This White House Picture shows the front of the White House | Flickr User U.S. Embassy, Jakarta | Flickr Creative Commons
So since President Obama has given the State of the Union and outlined his vision for the next year, that means politicians and the media will be focused on that, right? Wrong!
Even though it’s only the beginning of 2015, the 2016 Presidential Election is already beginning to take up much of our country’s political attention. This year promises to be full of photo ops, posturing, and the rise and fall of any number of presidential hopefuls. The jockeying for “who’s in the lead?” is already well underway, at least in the media. Whether the question is if Jeb Bush is defying conservative principles or how likely Elizabeth Warren’s populism is to win over swing voters, campaign season is upon us.
Here are five potential contenders that I think merit keeping an eye on.
Ready for Hillary Bus | Flickr User Thomas Cizauskas | Flickr Creative Commons
This probably needs little to no explanation. Clinton is already the frontrunner in a campaign that hasn’t even started. Conventional wisdom says that anyone who is out in front of the pack like this so early can’t possibly maintain that lead. Chris Christie can probably attest to the truth of this. Being visibly in the lead attracts attention, and that might not always be a good thing. I suspect that Clinton is trying to stay out of the spotlight to the degree she is able until she’s ready to begin a full campaign schedule.
Clinton hasn’t officially announced her candidacy yet, although I fully expect her to do so in the coming months. If she doesn’t, the Democratic primary could get pretty chaotic.
If there’s one name on this list that most people don’t recognize, I expect it’s John Kasich, the Republican governor of Ohio. A former member of the House of Representatives, Kasich recently easily won reelection to a second term leading the Buckeye State.
With Congressional approval ratings at a pitiful 14 percent, an experienced, non-DC-based politician could effectively play the “outsider” card in the 2016 presidential campaign. Additionally, Ohio is a critically important swing state, as Ohioans have voted for the eventual winner in every presidential election since 1960 (Author’s note: Picking Nixon over Kennedy? Seriously, Ohio?).
The law professor-turned-senior senator from Massachusetts is a favorite among liberal activists. Unafraid to call out politicians on both sides of the aisle, Warren has been a vocal critic of structural economic inequality and the decline of the middle class.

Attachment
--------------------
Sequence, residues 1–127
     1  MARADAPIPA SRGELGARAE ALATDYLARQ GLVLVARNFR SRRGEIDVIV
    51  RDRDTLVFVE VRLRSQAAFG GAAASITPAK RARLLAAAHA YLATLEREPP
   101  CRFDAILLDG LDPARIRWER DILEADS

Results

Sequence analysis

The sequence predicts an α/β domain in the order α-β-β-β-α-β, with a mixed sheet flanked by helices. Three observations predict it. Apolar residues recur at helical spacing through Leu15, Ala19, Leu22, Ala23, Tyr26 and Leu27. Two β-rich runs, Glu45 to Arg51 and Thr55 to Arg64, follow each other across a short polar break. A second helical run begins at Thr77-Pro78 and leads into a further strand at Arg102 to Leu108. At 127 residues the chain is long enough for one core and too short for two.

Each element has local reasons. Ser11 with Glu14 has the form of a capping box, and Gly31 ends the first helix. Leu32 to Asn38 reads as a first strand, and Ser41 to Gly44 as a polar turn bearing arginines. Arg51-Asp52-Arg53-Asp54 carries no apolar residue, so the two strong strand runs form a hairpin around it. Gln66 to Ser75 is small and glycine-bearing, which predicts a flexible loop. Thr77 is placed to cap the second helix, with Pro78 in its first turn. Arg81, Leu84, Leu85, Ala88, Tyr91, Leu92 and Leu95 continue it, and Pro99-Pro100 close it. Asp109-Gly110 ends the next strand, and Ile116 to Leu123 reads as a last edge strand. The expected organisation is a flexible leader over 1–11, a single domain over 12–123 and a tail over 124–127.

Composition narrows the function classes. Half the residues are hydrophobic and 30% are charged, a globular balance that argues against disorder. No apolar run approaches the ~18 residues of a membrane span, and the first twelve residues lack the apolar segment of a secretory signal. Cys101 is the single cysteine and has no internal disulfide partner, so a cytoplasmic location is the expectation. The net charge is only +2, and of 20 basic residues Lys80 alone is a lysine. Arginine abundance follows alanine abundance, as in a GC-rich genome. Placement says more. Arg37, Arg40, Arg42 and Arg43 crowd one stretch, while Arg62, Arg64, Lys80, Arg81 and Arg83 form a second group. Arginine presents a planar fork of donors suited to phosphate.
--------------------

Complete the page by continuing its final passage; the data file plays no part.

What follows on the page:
While she repeated denies that she is running for President, her populist beliefs and willingness to break ranks with fellow Democrats could earn her credibility among independents and those not generally interested in the political process.
Jeb Bush | Flickr User Gage Skidmore | Flickr Creative Commons
Former Florida Governor and First Brother Jeb Bush seems to be the frontrunner on the Republican side of the ballot. He recentlylaunched a PAC to begin his fundraising efforts. Like Clinton, he hasn’t officially announced, but all signs point to him doing so in the near future.
Two questions that I have about Bush are whether his brother’s legacy might limit his own potential support among voters, and whether he is too liberal for the Republican base. I’ll be particularly interested to see how conservative Republicans and Tea Partiers respond to Bush as he begins to test the presidential campaign waters.
During an ice breaker before a meeting this past fall, I stated that my spirit animal is Joe Biden. How can this not bring a smile to your face? His recent presiding over the swearing in of the new Senate generated some classic Biden quotes. Some people find his unfiltered, off-the-cuff style of commenting to demonstrate a lack of polish or thoughtfulness. I, for one, like that he speaks without any sort of equivocation or overly politicized phrasing – a quality all too rare among our political leaders. Agree or disagree with his politics, at least he says exactly what he’s thinking.
On a more serious note, if for some reason Clinton does not enter the campaign, Biden immediately becomes the heir apparent to President Obama, and a serious contender in 2016.
Are there other politicians you think are worth paying close attention to as the 2015 portion of the 2016 election fires up? Feel free to share your thoughts by commenting!